Culture & Arts

The Leica Camera Turns 100 Years Old By Recreating The World's Most Famous Photographs

9 Things You Probably Didn't Know About The World's Most Famous Camera

To celebrate the 100th anniversary of Leica, the German camera brand that's dominated the last century of photography, the Brazilian ad agency F/Nazca has created a stunning montage of some of the world's most famous photographs, painstakingly recreated in a nod to contemporary image making. From Joe Rosenthal's "Raising the Flag on Iwo Jima" to Diane Arbus' "Identical Twins" to Henri Cartier-Bresson's "Behind the Gare St. Lazare," the two-minute clip is an homage not just to Leica photography, but to the medium in all its glory.

"Even the photographs that weren't taken with a Leica, were taken because of the Leica," the video below proclaims.

The year 1914 marks the moment Oskar Barnack fully imagined the very first Leica model, a product that would launch Ernst Leitz Optische Werke into the camera business. In honor of the momentous occasion, we looked back on Leica's history. Here are 9 things you might not have known about the innovative art-meets-technology giant.

1. The name Leica is a portmanteau. It combines the first three letters of Ernst Leitz's surname (the creator of Ernst Leitz Optische Werke, the predecessor company to Leica) and the first two letters of the word camera.


2. The brand popularized the motto “small negative, large picture.” Oskar Barnack, the man in charge of research and development at Leitz in the early 1900s, conceived of a compact camera with a precise lens capable of producing sharp negatives and high-quality enlargements. Barnack's WWI-era prototype would set the standard for 35mm cameras to come.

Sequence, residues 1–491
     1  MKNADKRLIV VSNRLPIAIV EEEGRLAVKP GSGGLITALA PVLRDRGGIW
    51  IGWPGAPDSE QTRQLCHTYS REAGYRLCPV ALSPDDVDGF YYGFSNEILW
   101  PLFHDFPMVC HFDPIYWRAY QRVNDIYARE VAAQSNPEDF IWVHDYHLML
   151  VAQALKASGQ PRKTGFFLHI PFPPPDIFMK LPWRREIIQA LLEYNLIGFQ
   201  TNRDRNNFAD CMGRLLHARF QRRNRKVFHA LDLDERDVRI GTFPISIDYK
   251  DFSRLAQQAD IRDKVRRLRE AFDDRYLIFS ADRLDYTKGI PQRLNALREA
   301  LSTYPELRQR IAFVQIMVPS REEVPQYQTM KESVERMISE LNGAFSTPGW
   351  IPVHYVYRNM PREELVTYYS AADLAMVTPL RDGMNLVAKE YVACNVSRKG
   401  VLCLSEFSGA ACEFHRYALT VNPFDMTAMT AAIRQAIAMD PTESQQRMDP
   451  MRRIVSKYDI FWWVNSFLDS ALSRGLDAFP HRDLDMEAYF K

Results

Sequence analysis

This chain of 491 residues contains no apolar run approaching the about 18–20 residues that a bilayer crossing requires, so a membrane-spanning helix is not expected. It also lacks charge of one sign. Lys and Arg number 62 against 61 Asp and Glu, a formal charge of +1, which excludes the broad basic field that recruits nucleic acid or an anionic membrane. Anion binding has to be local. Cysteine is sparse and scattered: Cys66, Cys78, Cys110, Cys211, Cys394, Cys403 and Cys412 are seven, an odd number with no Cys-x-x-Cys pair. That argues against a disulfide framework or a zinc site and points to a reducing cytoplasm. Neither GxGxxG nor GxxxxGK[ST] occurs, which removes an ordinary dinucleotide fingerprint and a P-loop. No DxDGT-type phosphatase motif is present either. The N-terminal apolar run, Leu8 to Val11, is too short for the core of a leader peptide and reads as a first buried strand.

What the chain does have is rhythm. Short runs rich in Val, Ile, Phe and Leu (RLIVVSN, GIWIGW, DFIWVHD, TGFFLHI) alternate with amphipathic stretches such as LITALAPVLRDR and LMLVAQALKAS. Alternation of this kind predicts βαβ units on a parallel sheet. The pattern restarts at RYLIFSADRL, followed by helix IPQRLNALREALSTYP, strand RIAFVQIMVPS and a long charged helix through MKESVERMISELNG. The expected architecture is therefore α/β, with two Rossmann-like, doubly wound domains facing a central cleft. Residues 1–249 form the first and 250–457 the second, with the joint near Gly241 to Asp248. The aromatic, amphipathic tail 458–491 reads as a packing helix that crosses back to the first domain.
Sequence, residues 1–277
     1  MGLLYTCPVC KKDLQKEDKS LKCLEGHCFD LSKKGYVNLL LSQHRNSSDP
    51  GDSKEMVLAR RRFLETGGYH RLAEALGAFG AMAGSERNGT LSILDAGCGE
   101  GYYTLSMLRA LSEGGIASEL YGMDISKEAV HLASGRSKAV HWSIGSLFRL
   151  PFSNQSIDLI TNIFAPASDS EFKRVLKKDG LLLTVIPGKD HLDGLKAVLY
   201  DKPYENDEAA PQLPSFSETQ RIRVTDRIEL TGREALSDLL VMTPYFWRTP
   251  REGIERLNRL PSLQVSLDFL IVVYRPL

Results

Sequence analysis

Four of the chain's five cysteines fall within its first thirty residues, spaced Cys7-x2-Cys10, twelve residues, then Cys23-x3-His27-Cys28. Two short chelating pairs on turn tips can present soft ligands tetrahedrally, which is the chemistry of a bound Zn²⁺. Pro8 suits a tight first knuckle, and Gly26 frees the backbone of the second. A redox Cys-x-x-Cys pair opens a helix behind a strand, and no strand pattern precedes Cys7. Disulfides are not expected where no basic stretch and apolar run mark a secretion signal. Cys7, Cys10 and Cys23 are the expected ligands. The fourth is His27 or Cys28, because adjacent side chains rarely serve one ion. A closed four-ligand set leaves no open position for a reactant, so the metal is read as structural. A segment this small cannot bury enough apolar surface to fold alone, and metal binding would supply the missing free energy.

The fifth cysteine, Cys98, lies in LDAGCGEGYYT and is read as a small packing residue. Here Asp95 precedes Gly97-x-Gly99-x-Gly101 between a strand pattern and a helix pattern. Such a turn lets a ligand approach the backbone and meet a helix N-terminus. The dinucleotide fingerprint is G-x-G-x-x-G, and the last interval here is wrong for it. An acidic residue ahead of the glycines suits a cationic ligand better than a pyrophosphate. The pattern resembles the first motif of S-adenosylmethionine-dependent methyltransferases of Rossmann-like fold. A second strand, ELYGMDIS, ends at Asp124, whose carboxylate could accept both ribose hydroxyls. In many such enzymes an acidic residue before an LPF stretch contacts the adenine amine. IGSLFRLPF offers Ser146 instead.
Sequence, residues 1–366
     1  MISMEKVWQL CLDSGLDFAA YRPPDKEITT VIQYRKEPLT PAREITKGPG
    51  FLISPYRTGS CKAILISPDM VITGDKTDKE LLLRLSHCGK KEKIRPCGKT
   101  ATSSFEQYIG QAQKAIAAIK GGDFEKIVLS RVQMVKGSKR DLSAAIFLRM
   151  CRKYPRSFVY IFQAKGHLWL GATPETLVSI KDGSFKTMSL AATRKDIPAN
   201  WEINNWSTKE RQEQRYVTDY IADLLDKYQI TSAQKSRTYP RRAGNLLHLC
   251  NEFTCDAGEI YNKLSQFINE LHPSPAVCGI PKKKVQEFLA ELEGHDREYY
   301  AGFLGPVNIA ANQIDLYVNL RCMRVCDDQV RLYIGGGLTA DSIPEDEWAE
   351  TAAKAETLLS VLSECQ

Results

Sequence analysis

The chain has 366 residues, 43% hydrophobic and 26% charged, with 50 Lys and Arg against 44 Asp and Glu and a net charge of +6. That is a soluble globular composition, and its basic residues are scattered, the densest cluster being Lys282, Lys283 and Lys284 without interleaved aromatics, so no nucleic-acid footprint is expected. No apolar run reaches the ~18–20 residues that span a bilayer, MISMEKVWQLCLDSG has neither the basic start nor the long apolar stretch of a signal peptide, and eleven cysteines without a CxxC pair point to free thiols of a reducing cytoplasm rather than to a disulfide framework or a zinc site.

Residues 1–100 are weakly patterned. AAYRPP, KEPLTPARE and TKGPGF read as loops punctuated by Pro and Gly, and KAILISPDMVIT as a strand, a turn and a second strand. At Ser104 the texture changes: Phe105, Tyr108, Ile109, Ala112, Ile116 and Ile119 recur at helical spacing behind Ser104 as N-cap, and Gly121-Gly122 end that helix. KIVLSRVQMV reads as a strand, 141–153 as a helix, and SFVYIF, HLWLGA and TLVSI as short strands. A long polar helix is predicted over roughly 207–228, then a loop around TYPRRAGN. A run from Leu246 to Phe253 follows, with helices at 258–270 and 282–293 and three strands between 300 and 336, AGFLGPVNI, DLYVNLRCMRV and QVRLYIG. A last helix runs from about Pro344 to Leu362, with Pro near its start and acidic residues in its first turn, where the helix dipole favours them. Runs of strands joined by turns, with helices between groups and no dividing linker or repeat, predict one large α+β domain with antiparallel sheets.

3. Before Leicas, Ernst Leitz made microscopes, binoculars and huntingscopes. But in 1935, the camera and enlarger section of the company became the most profitable pieces of his empire.


4. Leica was the Apple of camera technology, but nicer to its customers. From nearly the start of Leica production, the cameras came with a warranty card that allowed buyers to upgrade to the latest Leica version whenever it came out. Of course, looking back, collectors are likely cursing their grandparents for selling the first model.

5. A Leica cost a cool $88 in 1928. That's $1,129 in 2014.


6. Leica's underwater camera was way ahead of its time. Leitz developed an entire underwater camera system for the US Navy in the 1950s and '60s, one that took into account the refractive index of salt water, using an interchangeable front element of water contact lenses. According to Leica, when the water was clear enough, it was impossible to tell whether or not the photographs were actually taken in water.


7. Leica went to the moon! Leica supplied a Trinovid 10 X 40 for the NASA Apollo 11 mission. The camera became the first optical device used on the moon in 1969.


8. Diane Arbus, Henri Cartier-Bresson, and Robert Frank used Leicas. Ok, so you probably knew these names. How about Bruce Davidson, Robert Capa, Stanley Kubrick, and David Burnett? Basically, when you brandish a Leica, you're in the company of greats.


9. As of 2012, an original Leica model was the most expensive camera in the world. Dating back to 1923, a Leica O-Series model -- thought to be one of only 12 cameras of this type in existence -- sold for $2.8 million.


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